As part of the Core survey, GWI asks all respondents about their annual household income.
We state that they should think about their household income, rather than their individual personal income; this is to ensure we get a complete picture of their circumstances, which is not always the case when you ask about personal income only (especially for those people who might not be employed, but have a partner who is).
We also remind respondents that they should think about an annual, rather than monthly, figure. This is to ensure we capture comparable data across all markets, despite some countries being more accustomed to thinking about monthly earnings.
In each country, we give respondents a range of household income brackets to choose from; these are tailored to each market to reflect the reality that average household incomes differ between countries.
Until Q3 2016, this question had a free-text box where people entered an exact income figure. However, we decided to change to the current system of pre-defined brackets for two key reasons:
- Some respondents were reluctant to give an exact figure, which led to relatively high results for “Prefer not to say” or “Don’t know”. Once we changed to the new approach, we saw a notable increase in the number of people giving an answer.
- Frequently, respondents would shorten their answers – e.g. by writing 30 instead of 30,000; in many instances, it was clear how such an answer should be corrected, but there were other cases where we were having to discount the figure entirely. Similarly, in countries where currencies have high denominations and many people could have income amounts stretching to tens of millions, it was relatively cumbersome for them to enter their answer. This was exacerbated further by the tendency to shorten numbers, described above.
In each country, the income amounts are given in the respondent’s local currency. We are investigating adding a new element to PRO Platform where these figures are converted to USD and hope to have this in place by the end of 2018; we can’t ask respondents to answer in USD as few of them would know an accurate exchange rate, and asking them to make a conversion could lead to mistakes.
In some markets in Latin America and the Middle East, we are aware that respondents are still entering monthly figures despite us adding clarification text in 2016; we are investigating how to correct for this.
In each country, we use the results from the household income question to determine income segments – dividing people into the Lower Quartile / Bottom 25%, the Middle Quartile / Mid 50% or the Upper Quartile / Top 25%. We also break out the Top 10% (who still appear within the Top 25% too).
These segments exclude anyone who answered “Don’t know” or “Prefer not to say” in the income question; these individuals are instead included in the “Prefer not to say” segment. To allow a way to analyze these respondents alongside those who did give an income answer, we have developed a separate social grading classification which factors in much more in addition to income. You can find details of this here.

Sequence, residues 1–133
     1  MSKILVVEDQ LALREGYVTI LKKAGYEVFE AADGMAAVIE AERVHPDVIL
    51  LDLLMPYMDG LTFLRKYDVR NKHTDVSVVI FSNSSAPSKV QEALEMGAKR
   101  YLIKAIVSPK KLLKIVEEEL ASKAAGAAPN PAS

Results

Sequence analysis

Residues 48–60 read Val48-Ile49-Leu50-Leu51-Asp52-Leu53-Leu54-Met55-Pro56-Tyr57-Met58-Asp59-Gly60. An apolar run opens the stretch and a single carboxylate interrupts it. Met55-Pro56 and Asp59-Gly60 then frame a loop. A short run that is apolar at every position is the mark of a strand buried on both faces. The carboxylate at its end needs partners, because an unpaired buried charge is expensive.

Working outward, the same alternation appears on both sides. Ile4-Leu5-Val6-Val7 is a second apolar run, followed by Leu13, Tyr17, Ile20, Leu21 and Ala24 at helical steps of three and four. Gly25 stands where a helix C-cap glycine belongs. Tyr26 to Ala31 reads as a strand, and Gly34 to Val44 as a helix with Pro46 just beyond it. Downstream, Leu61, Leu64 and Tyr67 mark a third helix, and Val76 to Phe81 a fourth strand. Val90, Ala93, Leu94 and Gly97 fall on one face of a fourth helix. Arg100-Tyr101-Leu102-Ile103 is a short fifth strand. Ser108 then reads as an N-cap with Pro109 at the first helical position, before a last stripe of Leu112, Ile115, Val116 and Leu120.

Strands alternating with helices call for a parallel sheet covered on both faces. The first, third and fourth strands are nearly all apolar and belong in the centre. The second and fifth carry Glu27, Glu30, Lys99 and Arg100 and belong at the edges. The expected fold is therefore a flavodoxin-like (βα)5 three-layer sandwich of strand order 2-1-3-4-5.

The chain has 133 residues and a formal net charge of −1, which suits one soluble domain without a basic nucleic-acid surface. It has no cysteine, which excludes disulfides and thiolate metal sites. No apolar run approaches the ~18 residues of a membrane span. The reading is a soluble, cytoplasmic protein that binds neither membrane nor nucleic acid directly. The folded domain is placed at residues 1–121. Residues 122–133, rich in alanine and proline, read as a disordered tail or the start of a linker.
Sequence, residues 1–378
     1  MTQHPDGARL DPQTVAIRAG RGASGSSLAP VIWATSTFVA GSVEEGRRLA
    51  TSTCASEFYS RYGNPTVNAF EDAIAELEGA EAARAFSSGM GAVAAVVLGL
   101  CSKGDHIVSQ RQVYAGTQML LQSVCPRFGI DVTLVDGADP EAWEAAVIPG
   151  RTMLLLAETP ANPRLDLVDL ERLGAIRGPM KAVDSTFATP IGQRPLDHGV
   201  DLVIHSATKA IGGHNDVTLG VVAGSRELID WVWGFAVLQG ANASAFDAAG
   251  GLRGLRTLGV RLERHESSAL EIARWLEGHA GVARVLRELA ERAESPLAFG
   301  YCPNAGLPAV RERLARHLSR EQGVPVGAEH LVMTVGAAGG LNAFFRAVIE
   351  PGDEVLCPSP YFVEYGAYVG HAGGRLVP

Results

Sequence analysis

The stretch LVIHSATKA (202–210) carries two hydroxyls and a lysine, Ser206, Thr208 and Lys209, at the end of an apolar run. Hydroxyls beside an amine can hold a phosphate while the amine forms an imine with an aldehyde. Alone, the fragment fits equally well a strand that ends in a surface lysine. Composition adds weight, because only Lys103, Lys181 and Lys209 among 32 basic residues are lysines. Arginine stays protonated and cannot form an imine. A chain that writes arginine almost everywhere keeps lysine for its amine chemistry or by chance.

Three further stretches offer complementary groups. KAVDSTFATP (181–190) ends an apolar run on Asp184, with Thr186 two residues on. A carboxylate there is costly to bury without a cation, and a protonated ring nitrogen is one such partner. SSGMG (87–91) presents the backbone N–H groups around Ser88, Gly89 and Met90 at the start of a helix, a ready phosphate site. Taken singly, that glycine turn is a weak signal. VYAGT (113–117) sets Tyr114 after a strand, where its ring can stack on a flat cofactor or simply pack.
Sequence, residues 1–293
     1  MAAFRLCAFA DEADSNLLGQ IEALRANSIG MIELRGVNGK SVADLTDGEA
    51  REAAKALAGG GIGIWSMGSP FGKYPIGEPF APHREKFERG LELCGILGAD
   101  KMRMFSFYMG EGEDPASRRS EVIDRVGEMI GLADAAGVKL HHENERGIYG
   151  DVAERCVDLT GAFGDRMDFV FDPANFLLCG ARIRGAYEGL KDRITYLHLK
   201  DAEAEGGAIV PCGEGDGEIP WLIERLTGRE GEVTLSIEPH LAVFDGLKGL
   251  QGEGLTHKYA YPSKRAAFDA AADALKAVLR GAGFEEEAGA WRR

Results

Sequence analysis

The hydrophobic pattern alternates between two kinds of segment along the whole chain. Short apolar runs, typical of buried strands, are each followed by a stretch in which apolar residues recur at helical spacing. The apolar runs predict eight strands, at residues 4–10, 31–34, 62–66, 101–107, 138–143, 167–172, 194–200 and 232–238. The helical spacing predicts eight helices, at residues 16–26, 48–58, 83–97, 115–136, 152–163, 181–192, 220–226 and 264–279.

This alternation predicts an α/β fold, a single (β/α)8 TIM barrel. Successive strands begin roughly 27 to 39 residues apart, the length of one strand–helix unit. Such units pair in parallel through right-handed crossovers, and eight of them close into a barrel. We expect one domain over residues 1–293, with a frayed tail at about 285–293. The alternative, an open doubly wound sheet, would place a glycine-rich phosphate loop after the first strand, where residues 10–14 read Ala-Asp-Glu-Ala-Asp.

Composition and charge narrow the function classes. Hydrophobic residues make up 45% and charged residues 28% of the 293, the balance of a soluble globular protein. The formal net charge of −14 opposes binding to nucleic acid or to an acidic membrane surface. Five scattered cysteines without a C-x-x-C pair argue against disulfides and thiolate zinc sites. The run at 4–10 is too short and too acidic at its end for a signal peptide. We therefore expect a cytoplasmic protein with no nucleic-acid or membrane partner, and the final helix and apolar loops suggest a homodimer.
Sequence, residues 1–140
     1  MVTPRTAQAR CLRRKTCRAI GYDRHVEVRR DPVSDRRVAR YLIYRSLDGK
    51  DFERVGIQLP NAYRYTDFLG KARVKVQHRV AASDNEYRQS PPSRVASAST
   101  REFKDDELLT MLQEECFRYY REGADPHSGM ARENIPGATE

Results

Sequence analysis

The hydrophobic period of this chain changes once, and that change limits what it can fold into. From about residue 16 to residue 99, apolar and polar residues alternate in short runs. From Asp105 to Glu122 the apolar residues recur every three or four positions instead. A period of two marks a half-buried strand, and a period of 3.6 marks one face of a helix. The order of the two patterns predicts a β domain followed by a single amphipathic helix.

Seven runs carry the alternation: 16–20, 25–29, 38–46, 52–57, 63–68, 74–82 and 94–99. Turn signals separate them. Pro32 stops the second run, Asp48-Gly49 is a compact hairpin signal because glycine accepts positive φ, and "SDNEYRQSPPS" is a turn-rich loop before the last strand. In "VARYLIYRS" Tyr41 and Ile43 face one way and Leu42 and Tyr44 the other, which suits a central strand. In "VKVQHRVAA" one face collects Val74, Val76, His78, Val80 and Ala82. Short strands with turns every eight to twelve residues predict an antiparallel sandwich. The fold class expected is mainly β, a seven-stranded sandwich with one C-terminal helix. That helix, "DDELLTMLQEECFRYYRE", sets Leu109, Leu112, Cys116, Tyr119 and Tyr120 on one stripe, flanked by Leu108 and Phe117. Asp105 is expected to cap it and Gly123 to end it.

To assign respondents to an income quartile, we look at the spread of responses received in that country in that quarter’s wave of research. There are two key things to note about this:
- Respondents are assigned to a segment based on how their answer compares to everyone else we surveyed in their country only, and not against any respondents in any other markets.
Because average incomes can differ so much between countries, that means the thresholds of each segment are likely to be different from one country to the next; in a market like the US where average incomes are among the highest globally, the incomes of those in the top 25% are likely to be considerably greater than those in markets with low average incomes (e.g. African markets like Kenya and Nigeria).
This has an impact on how the data should be interpreted when analyzed at a global level. Rather than showing the top 25% of global respondents – which would cause a huge skew towards wealthy markets – it displays aggregated data for the top 25% from each country.
- As the segments are created after each wave of research and are based on the answers captured that quarter, the thresholds for each segment might be subject to wave-on-wave variation. In the US, for example, it might be that those with an income of less than 25,000 USD comprise the bottom 25% in one wave, whereas in the subsequent wave it comprises those with an income of less than 32,000 USD. In practice, it tends to be the same brackets that contribute to the same segments each quarter, but you can double check this by applying the income segments as audiences on the annual household income question.
As a result of asking people to select an income bracket rather than entering an exact amount, it is not currently possible to give a precise value for the threshold of each income segment. However, we can determine the income brackets that normally contribute to each segment by looking at the data from recent waves: